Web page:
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NFL games in London, sports diplomacy takes center stage
APDS Blogger: Michael Duffin
Americans love football. So do the British. They are, of course, referring to two very different sports. Thanks to sports diplomacy, though, both sides of the Atlantic are starting to pay a little more attention to what the other side of the pond is watching.
On October 28, the New England Patriots and the St. Louis Rams face off at Wembley Stadium in London for the NFL International Series 2012. It is an attempt by the league to improve its international brand and share a unique element of American culture with the United Kingdom in particular and Europe more broadly.
The NFL has been playing regular season games outside the United States since 2005. A large number of the fans in attendance at the London games watch out of curiosity much as I did with Muay Thai in Thailand and bullfighting in Spain. They are unlikely to understand the nuances and they are probably not lifelong fans, but those in attendance walk away knowing a little bit more about American culture. The best part is that it does not take a single penny from the State Department’s public diplomacy budget.
Unlike the 1992 Dream Team—the first professional Team USA inspired young people across the world to play basketball—don’t expect European kids to trade a spherical football for an elliptical one. The NFL will be content with Brits simply watching the games on television and buying jerseys.
The best part of sports diplomacy is that it can facilitate dialogue.
The explosion of television revenue has prompted American and European sports franchises to think globally. The appeal of Manchester United and Real Madrid, for instance, goes beyond their domestic audiences. This is evident by their estimated values according to Forbes: Manchester United is the most valuable sports franchise in the world at $2.23 billion and Real Madrid is second at $1.88 billion. It is no accident that these franchises spend part of their offseason playing exhibition games in North America, Asia, and the Middle East.
Public diplomacy practitioners can take several lessons from the success of professional sports diplomacy. First, the product must be good. This applies to all forms of cultural diplomacy from American hip hop in Lahore to Argentine tango in Shanghai. In 2004, for example, Manchester United was missing half its roster when it played at Soldier Field in Chicago. Managing only one shot on goal after 90 minutes of play against Bayern Munich, many of the 58,121 people in attendance left disappointed. This is why the NFL has opted for playing regular season games abroad instead of exhibitions. There is even talk of London hosting the Super Bowl and having its own NFL franchise someday.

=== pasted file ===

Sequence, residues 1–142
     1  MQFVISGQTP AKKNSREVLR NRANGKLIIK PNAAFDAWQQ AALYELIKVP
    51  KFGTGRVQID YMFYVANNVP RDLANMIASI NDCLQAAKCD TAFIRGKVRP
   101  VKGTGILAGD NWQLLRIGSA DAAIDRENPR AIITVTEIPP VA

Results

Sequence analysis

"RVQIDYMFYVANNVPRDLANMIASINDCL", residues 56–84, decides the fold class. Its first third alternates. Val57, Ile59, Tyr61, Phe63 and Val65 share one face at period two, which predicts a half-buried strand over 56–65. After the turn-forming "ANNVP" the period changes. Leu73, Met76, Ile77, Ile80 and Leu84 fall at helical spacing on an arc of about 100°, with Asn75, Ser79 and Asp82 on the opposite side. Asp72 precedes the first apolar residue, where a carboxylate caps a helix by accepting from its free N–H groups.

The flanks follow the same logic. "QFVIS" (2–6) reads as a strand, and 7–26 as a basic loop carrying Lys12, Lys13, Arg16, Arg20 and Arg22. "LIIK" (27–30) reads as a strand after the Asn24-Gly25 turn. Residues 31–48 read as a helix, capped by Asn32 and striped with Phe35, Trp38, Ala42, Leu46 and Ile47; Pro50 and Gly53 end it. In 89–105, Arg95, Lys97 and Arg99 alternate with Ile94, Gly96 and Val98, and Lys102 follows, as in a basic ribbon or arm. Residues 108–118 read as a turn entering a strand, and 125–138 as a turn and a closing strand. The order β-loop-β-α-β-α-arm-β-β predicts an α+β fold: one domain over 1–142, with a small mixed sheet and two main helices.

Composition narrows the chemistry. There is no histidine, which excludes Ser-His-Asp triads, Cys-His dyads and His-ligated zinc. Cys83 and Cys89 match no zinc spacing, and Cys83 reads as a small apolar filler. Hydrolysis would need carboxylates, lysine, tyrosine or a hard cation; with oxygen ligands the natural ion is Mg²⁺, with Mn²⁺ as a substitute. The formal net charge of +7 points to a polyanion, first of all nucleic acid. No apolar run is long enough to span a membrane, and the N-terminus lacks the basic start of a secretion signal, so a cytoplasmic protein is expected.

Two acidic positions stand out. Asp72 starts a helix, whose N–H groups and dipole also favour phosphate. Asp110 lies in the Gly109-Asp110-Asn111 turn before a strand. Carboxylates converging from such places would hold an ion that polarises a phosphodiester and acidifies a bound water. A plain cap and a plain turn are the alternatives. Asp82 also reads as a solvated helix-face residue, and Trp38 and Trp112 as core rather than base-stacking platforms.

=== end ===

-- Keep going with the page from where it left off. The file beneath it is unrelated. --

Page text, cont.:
The second lesson is to determine the right amount of exposure for long-term impact. This is the same dilemma faced by musicians. Tour too little and your fans latch onto something else. Tour too much and your fans get spoiled. Even Paul McCartney cannot sell out Madison Square Garden forever. As explained by psychologist Kelton Rhoads, who teaches at the Annenberg School for Communication and Journalism, this is why McDonald’s does not make the McRib a regular menu item and Disney sends certain titles back to the “vault.”
A final point is that the newness of the product provides the most potential for impact. Eventually, the foreign audience will grow accustomed to it and the association with its point of origin will fade. In the United States, for instance, many people no longer consider burritos and pizza to be ethnic food. This is true of British football, which spread to places such as Italy and Brazil via British expatriates and military personnel stationed abroad. The residuals from establishing the sport in these countries dried up decades ago.
The best part of sports diplomacy is that it can facilitate dialogue. No matter where I go in the United States, for example, I can initiate dialogue with most people based on the simple premise that they watched the Super Bowl or the NBA Finals. Most Americans, on the other hand, do not share the same taste in sports as the rest of the world. However, thanks to the efforts of American football and European football teams, this is beginning to change.
Michael Duffin is a Master of Public Diplomacy candidate at the University of Southern California. He taught sports journalism at Benedictine University for six years.